The Tokyo 2020 Olympic Games provide a wealth of information for analysts of the great power competition in which China and the United States are now engaged. It also offers three crucial lessons which, if taken into account, could help defuse bilateral tensions.
BEIJING – Among the internationally educated and savvy Chinese, no topical issue is more despised than the quarrels over the number of Chinese and US medals at the Tokyo Olympics. They don’t care much for narrow-minded nationalism, as it does for most educated Americans – and, in general, for me. But, as an economist, I’m not that dismissive of the discussion about the number of medals.
In fact, a country’s Olympic medal count can be very telling. First, it can reflect a country’s resources – the amount of physical and social capital it has accumulated. The larger and more prosperous a country’s economy, the more likely its citizens are to have leisure time and material resources to invest in supporting the preparation of their national teams for the Games.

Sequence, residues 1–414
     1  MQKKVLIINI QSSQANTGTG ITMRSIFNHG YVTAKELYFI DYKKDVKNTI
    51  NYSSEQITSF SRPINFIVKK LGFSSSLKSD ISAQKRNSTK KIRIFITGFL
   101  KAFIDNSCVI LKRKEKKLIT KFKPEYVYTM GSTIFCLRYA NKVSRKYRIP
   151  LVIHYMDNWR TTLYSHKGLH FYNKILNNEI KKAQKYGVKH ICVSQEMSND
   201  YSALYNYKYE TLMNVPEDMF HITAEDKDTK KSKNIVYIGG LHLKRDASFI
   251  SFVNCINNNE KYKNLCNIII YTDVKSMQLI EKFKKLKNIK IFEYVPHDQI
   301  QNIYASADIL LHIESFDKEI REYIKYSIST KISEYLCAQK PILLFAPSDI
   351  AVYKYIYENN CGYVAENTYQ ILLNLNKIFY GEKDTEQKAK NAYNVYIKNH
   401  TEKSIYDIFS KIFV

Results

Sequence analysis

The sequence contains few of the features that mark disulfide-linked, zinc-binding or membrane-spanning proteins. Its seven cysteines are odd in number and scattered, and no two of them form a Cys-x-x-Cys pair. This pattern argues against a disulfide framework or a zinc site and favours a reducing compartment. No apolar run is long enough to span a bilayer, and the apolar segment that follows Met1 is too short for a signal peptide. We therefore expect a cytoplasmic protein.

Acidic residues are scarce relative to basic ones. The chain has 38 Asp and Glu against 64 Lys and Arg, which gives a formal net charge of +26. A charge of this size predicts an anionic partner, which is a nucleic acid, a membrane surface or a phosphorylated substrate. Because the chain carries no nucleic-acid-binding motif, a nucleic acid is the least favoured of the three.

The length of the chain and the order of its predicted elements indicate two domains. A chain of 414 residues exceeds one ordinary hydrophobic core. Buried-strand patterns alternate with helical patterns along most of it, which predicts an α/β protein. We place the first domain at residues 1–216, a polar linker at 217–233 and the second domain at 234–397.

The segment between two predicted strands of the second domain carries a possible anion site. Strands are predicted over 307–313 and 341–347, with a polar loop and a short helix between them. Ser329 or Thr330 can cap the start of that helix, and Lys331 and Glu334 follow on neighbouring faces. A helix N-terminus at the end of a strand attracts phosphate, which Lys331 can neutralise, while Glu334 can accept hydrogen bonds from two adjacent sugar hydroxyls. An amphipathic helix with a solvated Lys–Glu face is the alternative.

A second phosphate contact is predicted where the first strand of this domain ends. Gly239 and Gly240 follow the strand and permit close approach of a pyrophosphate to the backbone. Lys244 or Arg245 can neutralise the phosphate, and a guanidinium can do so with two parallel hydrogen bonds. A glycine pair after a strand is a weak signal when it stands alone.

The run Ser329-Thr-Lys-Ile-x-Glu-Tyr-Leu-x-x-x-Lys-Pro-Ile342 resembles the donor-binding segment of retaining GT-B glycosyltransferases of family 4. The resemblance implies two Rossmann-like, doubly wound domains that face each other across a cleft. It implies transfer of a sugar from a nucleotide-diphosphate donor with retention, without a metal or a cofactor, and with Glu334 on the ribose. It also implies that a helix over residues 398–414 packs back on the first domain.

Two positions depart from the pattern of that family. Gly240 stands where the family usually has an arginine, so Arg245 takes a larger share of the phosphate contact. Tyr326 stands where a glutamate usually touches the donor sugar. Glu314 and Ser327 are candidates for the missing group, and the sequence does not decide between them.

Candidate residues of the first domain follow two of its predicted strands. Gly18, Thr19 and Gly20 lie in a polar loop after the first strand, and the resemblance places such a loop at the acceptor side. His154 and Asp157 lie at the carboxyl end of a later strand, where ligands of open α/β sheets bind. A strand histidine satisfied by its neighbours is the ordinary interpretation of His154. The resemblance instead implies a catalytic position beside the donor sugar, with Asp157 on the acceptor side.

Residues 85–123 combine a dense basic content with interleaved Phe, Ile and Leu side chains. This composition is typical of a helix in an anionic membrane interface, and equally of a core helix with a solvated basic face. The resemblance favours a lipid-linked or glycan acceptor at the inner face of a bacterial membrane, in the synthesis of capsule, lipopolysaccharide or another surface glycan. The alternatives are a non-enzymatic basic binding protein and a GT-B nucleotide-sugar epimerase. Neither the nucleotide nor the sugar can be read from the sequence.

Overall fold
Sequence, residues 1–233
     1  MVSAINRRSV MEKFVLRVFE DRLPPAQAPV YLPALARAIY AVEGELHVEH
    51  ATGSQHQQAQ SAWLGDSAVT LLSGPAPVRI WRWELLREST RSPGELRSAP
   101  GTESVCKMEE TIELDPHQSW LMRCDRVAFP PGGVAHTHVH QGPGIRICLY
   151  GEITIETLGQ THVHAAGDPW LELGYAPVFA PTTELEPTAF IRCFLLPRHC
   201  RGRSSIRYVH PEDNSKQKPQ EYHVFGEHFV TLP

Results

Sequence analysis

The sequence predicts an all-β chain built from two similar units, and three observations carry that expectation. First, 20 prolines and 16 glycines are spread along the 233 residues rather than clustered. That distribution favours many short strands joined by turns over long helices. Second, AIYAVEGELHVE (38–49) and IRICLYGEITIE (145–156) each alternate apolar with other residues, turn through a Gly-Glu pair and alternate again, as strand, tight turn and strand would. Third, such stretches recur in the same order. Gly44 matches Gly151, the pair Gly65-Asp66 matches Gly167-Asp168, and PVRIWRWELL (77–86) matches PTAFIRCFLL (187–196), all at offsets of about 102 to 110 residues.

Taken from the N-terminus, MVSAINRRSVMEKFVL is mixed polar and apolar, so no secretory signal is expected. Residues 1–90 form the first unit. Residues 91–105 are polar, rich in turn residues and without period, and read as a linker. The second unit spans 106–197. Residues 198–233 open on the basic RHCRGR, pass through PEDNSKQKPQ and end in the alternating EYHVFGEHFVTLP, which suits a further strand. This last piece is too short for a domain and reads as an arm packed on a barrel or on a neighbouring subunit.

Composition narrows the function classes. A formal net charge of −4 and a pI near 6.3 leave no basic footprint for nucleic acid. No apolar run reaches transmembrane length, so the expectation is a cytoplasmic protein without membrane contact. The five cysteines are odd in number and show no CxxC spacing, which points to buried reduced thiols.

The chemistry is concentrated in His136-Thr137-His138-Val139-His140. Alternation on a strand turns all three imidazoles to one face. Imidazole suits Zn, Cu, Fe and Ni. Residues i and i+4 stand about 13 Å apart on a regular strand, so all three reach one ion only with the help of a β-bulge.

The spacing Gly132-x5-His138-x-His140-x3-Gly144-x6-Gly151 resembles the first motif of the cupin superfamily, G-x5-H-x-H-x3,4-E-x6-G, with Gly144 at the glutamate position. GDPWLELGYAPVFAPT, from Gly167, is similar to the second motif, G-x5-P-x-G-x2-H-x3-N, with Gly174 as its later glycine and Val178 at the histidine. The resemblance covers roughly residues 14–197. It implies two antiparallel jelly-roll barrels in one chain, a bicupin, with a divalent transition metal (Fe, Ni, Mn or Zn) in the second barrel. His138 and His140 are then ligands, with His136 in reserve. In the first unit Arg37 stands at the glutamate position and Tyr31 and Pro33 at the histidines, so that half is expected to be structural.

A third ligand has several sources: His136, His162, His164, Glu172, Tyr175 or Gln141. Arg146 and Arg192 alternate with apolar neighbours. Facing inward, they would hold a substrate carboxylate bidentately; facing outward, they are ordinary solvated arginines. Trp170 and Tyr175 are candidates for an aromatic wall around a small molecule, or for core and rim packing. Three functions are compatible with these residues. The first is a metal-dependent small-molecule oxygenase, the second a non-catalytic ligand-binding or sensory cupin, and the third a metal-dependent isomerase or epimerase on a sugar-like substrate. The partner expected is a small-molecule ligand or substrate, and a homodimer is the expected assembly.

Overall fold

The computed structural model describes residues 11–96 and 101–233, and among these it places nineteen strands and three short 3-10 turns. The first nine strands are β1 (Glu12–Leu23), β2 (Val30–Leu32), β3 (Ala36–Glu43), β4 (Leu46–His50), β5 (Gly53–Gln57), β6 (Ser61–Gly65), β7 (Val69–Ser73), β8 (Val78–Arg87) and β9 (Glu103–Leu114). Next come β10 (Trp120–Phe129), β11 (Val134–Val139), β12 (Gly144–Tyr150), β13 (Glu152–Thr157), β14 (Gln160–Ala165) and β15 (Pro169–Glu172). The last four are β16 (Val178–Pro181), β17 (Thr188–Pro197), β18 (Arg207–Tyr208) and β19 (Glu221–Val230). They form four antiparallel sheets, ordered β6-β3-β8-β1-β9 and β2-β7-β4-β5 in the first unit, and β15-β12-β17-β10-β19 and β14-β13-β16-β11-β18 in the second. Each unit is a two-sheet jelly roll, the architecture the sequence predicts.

Second, medals can be an indicator of a country’s social stability. A country ravaged by war or disease – like, this year, COVID-19 – is unlikely to have the luxury of giving much attention, let alone funds, to its athletes. Seen in this light, the Tokyo 2020 Olympic Games provide a wealth of information for analysts of the great power competition in which China and the United States are now engaged, and offer three crucial lessons.
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